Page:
Illinois Institute of Technology is receiving a four-year grant from the National Institutes of Health (NIH) to fund research to develop drug treatments for cholera and other multi-drug-resistant strains of disease-causing bacteria.
The $2.17 million grant will allow researchers to develop a new generation of antibiotics to treat cholera and sexually transmitted diseases. There are an estimated 1.3 to 4.0 million cases and 21,000 to 143,000 deaths worldwide due to cholera annually, according to a National Center for Biotechnology Information study.
Oscar Juarez, Illinois Tech associate professor of biology and principal investigator, says that we have entered an age where many antibiotics have become obsolete because human pathogenic bacteria have mutated and is no longer susceptible to previous treatments. Cholera is a virulent, gastrointestinal disease that causes severe acute diarrhea. The bacteria is transmitted through contaminated water supplies and poor sanitation, and if left untreated can be deadly for children and adults.
We need to keep an eye on cholera. Every time that we have a natural disaster that limits the availability of water, we can have an outbreak of cholera."
Oscar Juarez, Illinois Tech associate professor of biology
Juarez, along with Illinois Tech Research Assistant Professor of Biology Karina Tuz and David Minh, associate professor of chemistry, have been studying the cell structures, proteins, and mechanisms of human pathogenic bacteria for more than a decade, specifically Vibrio cholerae. In earlier published studies by the team, they discovered that Vibrio cholerae and a number of other pathogenic bacteria rely on a sodium-dependent NADH dehydrogenase (NQR) enzyme. NQR is a respiratory enzyme that is essential for the survival of several types of bacterial infections because it provides energy to the cell and performs other essential functions.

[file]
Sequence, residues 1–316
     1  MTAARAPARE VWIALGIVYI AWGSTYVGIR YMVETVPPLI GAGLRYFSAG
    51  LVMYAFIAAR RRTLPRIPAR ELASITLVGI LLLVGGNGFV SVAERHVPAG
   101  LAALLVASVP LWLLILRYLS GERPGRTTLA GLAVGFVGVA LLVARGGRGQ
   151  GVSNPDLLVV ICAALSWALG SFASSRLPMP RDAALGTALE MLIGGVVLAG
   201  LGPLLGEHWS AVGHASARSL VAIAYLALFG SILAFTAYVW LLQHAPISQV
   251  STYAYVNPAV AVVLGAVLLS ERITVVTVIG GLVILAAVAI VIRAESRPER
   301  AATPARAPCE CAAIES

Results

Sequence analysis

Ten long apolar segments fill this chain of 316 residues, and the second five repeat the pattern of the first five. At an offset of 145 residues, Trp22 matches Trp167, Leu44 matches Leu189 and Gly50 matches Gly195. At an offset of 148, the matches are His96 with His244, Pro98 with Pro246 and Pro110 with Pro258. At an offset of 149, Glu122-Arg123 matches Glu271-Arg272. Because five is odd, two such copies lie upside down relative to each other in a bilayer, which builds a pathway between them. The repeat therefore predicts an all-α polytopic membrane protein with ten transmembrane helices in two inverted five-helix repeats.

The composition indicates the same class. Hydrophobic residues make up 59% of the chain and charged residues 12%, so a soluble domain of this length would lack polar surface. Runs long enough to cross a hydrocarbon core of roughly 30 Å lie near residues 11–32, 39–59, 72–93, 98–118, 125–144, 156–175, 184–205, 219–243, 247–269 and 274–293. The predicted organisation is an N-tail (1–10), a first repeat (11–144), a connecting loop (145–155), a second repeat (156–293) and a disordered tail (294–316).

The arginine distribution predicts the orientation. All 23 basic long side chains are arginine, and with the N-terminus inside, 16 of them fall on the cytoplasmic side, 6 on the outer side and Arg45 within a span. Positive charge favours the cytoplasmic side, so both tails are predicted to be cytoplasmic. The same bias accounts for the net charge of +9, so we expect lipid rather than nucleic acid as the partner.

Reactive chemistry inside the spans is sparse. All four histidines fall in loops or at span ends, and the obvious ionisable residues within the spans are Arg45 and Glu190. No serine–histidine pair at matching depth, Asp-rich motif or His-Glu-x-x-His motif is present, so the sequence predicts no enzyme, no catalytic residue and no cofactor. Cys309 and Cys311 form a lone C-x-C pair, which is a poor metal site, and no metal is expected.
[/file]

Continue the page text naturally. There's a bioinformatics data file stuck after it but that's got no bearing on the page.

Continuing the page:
Juarez says they have found two novel compounds with antibiotic properties that target the NQR enzyme. The grant will support research activities such as expanding lab capabilities to produce proteins on a large scale and acquiring new instruments that will help them find the right concentration levels of enzyme inhibitors to create an effective and safe antibiotic treatment.
The multidisciplinary grant also involves collaborators from Argonne National Laboratory and Loyola University Chicago. Jerzy Osipiuk, a protein crystallographer at Argonne, and his team will handle the crystallization and structural analysis of the drugs, and Daniel Becker, professor of chemistry at Loyola, and his team, will be engaged in medicinal chemistry research. Tuz will handle microbes testing and toxicity tests, and Minh will handle computational analysis and run simulations to help modify the drugs and identify effects the inhibitors could have on other human enzymes.
NQR is an optimal drug target because of its critical role in bacterial metabolism and its absence in the human body, Juarez says. This means a drug that destroys it is less likely to affect other human cells. The researchers will conduct several rounds of testing and modification of the compounds before a potential drug is ready for preclinical trials.